103 Discussion Experiments 1 and 2 98 subsequently remembered (and not forgotten) and hence established an association of efficient processing mechanisms and successful remembering for other-race faces, in line with implications from expertise-based processing accounts (Tanaka et al., 2004). With respect to the OAB, it seems promising to look at effects of facial age interacting with participant age, as older adults memory problems may as well have a basis in both encoding (e.g. Gutchess et al., 2005) and retrieval (e.g. Gutchess, Ieuji, & Federmeier, 2007). Attenuations or alternations (such as polarity reversals in old/new effects) of DM-effects would thus be reasonable to assume. Furthermore, such a study would offer valuable clues about whether memory biases, and in particular the OAB, may be dominated by difficulties in encoding and retrieval, as suggested by representational accounts (Valentine & Endo, 1992). In the following, the thesis turns towards name processing, and more specifically considers retrieval of inter-item associations between a familiar name and its source. This (sub-) domain of memory is also known to suffer from age-related impairments and therefore likely contributes to failures in person identification and memory (for similar argument, see James et al., 2008).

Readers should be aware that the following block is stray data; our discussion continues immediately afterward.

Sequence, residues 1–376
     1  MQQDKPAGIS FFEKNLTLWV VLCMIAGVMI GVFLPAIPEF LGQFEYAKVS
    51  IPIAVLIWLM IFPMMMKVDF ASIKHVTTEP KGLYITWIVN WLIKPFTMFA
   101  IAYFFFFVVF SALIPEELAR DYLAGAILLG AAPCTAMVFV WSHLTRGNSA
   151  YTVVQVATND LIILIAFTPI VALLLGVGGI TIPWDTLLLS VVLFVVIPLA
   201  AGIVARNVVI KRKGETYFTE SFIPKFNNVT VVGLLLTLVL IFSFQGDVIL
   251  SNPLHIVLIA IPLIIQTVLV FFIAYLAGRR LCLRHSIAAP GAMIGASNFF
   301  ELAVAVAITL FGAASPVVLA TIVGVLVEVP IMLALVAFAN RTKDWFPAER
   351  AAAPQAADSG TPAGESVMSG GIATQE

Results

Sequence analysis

104 Introduction Name Processing Effects of Aging on Memory for Names 7.1 Introduction to Name Processing Memory for names is of high social utility and socializing makes up a great part of older adults everyday life (see also Leirer, Morrow, Sheikh, & Pariante, 1990). Older adults commonly complain about their difficulties in name retrieval (as introduced in section 2.1), both for people they have recently become acquainted with and for highly familiar individuals such as family members or friends (Pires et al., 2012). When older participants are asked to indicate which specific memory skill they would like to improve, memory for people s names (as opposed to memory for dates and facts, or locations of household objects) is designated as top priority (Leirer et al., 1990). The question arises, what makes naming so difficult, especially as we age? According to Bruce and Young s model of face recognition (1986), a name is fundamentally different from any other information we know about a certain person (for overview, see also Hanley, 2011). Semantic information that ensures recognition of a person and hence makes up a crucial part of a person s identity is stored within a PIN. Names, in contrast, are stored in a different code, and thus, are considered a different type of information. Importantly, the serial, hierarchical order of processing stages in the Bruce and Young model implies that naming can only be successful after prior retrieval of semantic information, such as a person s occupation. Evidence for this assumption was provided by a seven-week diary study in which participants were instructed to keep record of difficulties and errors in person recognition. A common reported difficulty was that despite the availability of detailed semantic information about a person, the corresponding name could not be recalled although it was felt to be on the tip of the tongue (TOT;Young, Hay, & Ellis, 1985). TOT states are defined as the conscious feeling which accompanies the cognitive processes when a to- be- retrieved item is temporally inaccessible leading to failure or slowing of retrieval processes (Schwartz & Metcalfe, 2011). Burke, Mackay, Worthley, and Wade (1991) showed that during a four-week diary study older adults (M =71.0 years of age) experienced more TOT states than young (M = 19 years) and middle-aged (M = 39 years) participants. As compared to object names or abstract words, TOT states mostly occurred across groups for proper names infrequently used. More specifically, TOT states were more frequent in all participants groups for names of acquaintances who had not been contacted recently than for names of famous persons, places or movies/books. However, the number of TOT states for names of acquaintances was